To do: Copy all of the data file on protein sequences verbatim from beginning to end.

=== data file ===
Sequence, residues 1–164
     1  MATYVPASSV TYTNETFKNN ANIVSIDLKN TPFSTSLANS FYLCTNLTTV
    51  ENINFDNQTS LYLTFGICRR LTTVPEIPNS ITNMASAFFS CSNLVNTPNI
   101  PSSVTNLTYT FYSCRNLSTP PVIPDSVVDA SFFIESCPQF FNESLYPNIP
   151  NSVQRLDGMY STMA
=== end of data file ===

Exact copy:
Sequence, residues 1–164
     1  MATYVPASSV TYTNETFKNN ANIVSIDLKN TPFSTSLANS FYLCTNLTTV
    51  ENINFDNQTS LYLTFGICRR LTTVPEIPNS ITNMASAFFS CSNLVNTPNI
   101  PSSVTNLTYT FYSCRNLSTP PVIPDSVVDA SFFIESCPQF FNESLYPNIP
   151  NSVQRLDGMY STMA